Skip to main content

How can I get something removed from my credit report. I have disputed this on my credit report but it is still on it.

Shepherd, TX |

My ex daughter-in-law obtained a loan put me down as a co-signer and defaulted. Now they want me to repay this money. I never signed any paperwork nor gave my consent for her to do this. What can I do?

Attorney Answers 3

Posted

How long have you known that she did this? Did you file a police report at the time?

I'm not sure what their specific policy is, but most creditors won't act on these types of things without a police report being filed. I'd imagine the credit bureaus are the same way.

Mark as helpful

1 lawyer agrees

Posted

I am sorry to hear what you're going through. Unfortunately, this is a common problem. It is estimated that one in four consumers has an error on his/her credit report. If the information being reported about you is inaccurate, you absolutely have legal rights. Federal law requires that the credit reporting agency ensure maximum possible accuracy when publishing your information.

As you probably know, your credit standing can affect your ability to obtain credit. It can also adversely affect your ability to obtain favorable credit terms and insurance or thwart your efforts when applying for a job or rental.

Here is some information about steps you can take if your credit report(s) is plagued with inaccurate information. http://www.ohioconsumerhelp.com/sub/credit-report-errors.jsp. Based upon your inquiry, it sounds like you have already disputed the error. Keep copies of EVERYTHING. And here are the steps we suggest consumers follow with respect to disputes: http://www.ohioconsumerhelp.com/sub/Dispute-page.jsp;jsessionid=22E93264C000505A3C56EEB85198DDB9

Further, since it sounds like your ex-daughter in law compromised your identity, you should report the ID theft with local law enforcement right away. File a report with your police department and complete an identity theft affidavit. You may also obtain an identity theft affidavit at http://www.ftc.gov/bcp/edu/resources/forms/affidavit.pdf. These steps will further help with the credit report dispute process.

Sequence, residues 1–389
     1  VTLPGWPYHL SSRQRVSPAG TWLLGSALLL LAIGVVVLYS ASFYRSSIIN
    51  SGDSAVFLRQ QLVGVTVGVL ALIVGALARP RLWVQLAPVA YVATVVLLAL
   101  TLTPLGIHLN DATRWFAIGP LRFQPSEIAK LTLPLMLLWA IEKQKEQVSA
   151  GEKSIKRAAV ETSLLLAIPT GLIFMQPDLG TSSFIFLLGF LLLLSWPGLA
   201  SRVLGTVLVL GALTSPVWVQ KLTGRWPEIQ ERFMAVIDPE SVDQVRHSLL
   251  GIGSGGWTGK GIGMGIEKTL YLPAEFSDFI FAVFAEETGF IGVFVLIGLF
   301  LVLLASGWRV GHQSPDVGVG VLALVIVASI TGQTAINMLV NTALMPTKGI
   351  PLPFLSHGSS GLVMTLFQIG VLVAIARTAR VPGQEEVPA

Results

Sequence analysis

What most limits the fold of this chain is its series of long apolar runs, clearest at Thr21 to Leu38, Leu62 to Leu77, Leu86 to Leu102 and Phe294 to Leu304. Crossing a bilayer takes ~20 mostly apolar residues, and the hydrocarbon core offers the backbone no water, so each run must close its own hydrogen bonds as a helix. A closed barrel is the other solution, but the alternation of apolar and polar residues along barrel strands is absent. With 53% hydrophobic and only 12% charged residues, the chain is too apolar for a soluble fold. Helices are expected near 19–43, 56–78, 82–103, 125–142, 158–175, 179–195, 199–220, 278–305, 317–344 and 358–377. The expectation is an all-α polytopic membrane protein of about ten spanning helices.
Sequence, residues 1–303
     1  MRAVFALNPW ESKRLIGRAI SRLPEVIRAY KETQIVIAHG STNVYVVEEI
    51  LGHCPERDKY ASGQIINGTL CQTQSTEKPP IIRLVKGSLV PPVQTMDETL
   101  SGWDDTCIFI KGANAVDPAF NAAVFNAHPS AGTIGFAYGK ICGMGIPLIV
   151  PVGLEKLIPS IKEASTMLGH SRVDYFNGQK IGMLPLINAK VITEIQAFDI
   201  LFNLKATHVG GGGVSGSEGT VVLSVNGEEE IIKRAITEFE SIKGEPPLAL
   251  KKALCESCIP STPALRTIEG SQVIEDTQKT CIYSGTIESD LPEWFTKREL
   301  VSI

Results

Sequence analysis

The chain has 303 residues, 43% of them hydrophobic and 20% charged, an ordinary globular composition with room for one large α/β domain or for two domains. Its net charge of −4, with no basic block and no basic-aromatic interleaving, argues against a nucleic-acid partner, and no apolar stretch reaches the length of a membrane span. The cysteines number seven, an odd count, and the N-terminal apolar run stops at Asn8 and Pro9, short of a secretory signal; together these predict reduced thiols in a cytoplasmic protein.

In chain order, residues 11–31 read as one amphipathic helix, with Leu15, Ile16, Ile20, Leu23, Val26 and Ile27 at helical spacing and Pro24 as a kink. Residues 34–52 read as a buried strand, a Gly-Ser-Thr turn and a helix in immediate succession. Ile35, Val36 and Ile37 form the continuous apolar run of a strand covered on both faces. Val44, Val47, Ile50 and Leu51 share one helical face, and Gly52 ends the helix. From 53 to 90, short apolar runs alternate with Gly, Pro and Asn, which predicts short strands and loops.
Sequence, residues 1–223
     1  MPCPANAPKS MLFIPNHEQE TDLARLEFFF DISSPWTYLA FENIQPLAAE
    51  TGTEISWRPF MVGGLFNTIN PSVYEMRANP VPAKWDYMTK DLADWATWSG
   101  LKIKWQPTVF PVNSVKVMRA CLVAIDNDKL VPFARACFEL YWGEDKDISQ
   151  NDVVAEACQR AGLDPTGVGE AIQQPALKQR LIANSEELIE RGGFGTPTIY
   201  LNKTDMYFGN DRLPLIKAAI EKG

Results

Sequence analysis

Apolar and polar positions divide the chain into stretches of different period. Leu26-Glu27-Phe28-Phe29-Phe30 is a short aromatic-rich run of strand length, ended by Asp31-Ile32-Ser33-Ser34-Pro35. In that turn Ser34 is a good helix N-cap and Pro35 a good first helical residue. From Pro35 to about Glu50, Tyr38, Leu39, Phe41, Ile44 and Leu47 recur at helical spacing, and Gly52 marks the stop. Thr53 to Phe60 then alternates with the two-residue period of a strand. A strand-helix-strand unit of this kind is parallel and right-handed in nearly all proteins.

Finally, I would encourage you to seek the assistance of an attorney familiar with the federal law applicable to credit reporting (the Fair Credit Reporting Act, or FCRA). Many consumer advocates will consult with you without charge or obligation. This is the best first step in protecting your legal rights, and understanding the protections available to you.

For more information about protecting your rights, like us on Facebook: www.facebook.com/ohioconsumerhelp.com

Good luck to you!!

NOTE: This Answer does not constitute legal advice. Every case is fact specific. To render a legal opinion, an attorney must engage in a consultation with a prospective client and review any pertinent documents. This communication does not create an attorney-client relationship with Attorney Amy L. Wells or WELLS LAW OFFICE, INC.

Mark as helpful

1 lawyer agrees

Posted

Ms. Wells has put forth an excellent answer and I suggest that you follow her advice. If you need an attorney in Texas, feel free to contact us, or go to the website of the National Association of Consumer Advocates for someone in the Houston area. www.naca.net

I am licensed only in Texas. Offering information of a general nature in response to a question is not intended to be legal advice in your state.

Mark as helpful

Bankruptcy and debt topics

Top tips from attorneys

What others are asking

Can't find what you're looking for?

Post a free question on our public forum.

Ask a Question

- or -

Search for lawyers by reviews and ratings.

Find a Lawyer

Browse all legal topics